Hello, I have a small kiln and am curious to know when loading it for glass fusion if you can use a shelf for firing a second plate at the same time.

I can't find anything saying one way or the other.

Thank you, Kathy

Kathy.... To achieve better control over your pieces, you are better off only using 1 shelf...two or more shelves don't achieve the same temperature exposure and therefore fusing is not consistent...


Tips and Tricks

The best way to evenly heat all of the glass is to slow down the rate of getting to a set temperature.

Additions to the Site

05/10/09 – Mother’s Day Projects – An alphabetical listing of the newest projects for Mother’s day. This list will be added to each year with new patterns and designs.

05/18/09 – Crinkled Dichroic – Crinkled dichroic glass has such texture and depth. Read more about this new glass from CBS.

05/19/09 – Cameos – Cameos have been around for a long time. Learn more about this layered glass technique.

05/19/09 – Glass on Heating Element – If you have ever experienced this mishap inside your kiln, there are a few suggestions on fixing this problem.

05/20/09 – Mom Etching on Glass – This design involves a few steps to achieve the etching and fusing of this fabulous piece. An attractive design for mom!

05/20/09 – Flowers for Mom – Want to give some flowers to Mom for Mother’s Day? Well, this is a cute design that will last a lifetime.

05/21/09 – Mom and Child – A design that displays this special union between Mom and child. It can be made out of any desired glass, but I have chosen the new crinkled dichroic for the texture.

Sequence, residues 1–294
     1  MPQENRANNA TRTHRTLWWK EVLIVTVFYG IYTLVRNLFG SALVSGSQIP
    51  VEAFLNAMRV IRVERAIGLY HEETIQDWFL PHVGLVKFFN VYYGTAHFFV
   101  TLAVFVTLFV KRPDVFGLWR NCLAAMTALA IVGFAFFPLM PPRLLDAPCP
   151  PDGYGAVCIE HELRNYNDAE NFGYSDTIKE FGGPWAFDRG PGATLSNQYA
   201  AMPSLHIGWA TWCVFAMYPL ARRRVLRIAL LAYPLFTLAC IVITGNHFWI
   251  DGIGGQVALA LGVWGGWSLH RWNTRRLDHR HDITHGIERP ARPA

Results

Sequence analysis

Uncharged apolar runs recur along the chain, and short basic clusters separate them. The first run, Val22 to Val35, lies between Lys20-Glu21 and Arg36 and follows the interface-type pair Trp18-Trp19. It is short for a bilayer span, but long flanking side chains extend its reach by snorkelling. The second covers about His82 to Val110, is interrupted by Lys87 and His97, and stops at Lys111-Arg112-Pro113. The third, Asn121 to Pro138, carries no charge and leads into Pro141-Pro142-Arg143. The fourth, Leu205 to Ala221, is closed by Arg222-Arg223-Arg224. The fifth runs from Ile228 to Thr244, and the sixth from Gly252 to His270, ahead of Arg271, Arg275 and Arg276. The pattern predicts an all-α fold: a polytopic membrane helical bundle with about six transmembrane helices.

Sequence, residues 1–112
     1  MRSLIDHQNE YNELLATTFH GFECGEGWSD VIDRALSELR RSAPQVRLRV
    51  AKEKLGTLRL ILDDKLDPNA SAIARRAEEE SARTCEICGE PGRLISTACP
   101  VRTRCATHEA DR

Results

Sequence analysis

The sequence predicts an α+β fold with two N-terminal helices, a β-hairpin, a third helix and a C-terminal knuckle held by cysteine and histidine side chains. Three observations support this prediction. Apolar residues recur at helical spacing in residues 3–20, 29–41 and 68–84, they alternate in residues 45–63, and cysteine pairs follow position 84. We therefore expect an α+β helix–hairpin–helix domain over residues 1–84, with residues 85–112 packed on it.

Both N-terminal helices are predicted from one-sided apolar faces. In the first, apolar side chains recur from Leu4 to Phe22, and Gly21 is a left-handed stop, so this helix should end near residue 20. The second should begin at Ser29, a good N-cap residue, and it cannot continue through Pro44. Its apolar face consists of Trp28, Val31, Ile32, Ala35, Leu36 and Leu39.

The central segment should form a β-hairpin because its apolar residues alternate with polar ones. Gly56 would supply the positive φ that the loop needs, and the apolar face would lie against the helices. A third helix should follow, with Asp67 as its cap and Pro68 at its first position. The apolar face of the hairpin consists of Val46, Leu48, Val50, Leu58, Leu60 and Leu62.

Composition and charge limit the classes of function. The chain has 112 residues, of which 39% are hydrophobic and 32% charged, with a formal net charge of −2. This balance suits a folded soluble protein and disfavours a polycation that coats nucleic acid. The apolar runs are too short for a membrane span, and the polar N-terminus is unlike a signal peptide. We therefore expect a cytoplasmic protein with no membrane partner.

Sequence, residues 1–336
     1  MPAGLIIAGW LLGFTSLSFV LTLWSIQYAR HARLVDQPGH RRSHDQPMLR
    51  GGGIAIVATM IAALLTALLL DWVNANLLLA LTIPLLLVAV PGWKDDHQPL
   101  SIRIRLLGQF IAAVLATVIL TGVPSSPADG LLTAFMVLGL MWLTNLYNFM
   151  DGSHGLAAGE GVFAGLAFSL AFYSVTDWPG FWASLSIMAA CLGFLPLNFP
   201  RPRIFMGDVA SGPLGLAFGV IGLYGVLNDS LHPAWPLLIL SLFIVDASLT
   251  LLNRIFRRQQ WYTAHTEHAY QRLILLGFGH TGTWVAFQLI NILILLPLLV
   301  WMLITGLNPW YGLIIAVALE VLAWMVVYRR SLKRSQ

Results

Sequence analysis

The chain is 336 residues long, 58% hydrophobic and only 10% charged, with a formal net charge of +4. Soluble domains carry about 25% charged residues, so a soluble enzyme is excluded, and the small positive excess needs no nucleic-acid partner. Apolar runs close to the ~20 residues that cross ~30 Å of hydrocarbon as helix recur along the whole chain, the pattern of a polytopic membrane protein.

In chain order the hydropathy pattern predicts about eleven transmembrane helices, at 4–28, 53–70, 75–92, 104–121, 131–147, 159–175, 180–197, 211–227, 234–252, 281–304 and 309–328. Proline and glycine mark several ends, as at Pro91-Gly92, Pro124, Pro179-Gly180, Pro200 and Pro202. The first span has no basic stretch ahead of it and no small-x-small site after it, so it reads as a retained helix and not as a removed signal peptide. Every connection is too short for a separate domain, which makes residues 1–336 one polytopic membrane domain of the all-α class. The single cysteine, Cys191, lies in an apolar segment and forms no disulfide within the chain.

05/22/09 – Memorial Day – This United Stated holiday is celebrated at the end of May. There is currently only one pattern, but more will be added each year.

05/23/09 – Memorial Day Poppy – The poppy flower is a remembrance symbol of all the men and women who have fought for out freedom.

05/30/09 – Mother and Child Heart – Joined together to form a heart pattern, this mother and child design is sure to be a favorite.

05/31/09 – Motherhood – A motherhood design where the mother and child are curved together in a solid piece of glass. Simply elegant!

Product Review

Reactive Cloud by Bullseye

Reactive Cloud glass provides a exclusive impression in fused artwork. It has a subtle off-white tint which contains elements that react to the metal content in other colors. This hue creates an intriguing color shift and halos around the contrasting pieces. This product can be found on page 13 of the Bullseye catalog.

The reactive cloud Opal sheets need to be fused with the other copper-bearing glasses, copper leaf or sliver leaf or foil. The reactions can range from subtle to dramatic and are generally in an earthy or rustic color palette. Bullseye is still experimenting with this product and have observed that not all copper-bearing styles develop reactions with these sheets.

Individuals that have used this product have found the results are pretty much exactly what Bullseye shows in the catalog. Have you used this product? What were your results? Please share with the rest of us….thanks!

Thank you for subscribing

I would like to thank everyone of you for signing up for my newsletter. If you know anyone else that might like to receive it please let them know. They can either visit the site and sign up, or send me an email at

Comments? Ideas? Feedback? Have an idea that you would like to share with the others? I would love to hear from you. Just reply to this e-zine and tell me what you think!

See you next month…


Back to Back Issues Page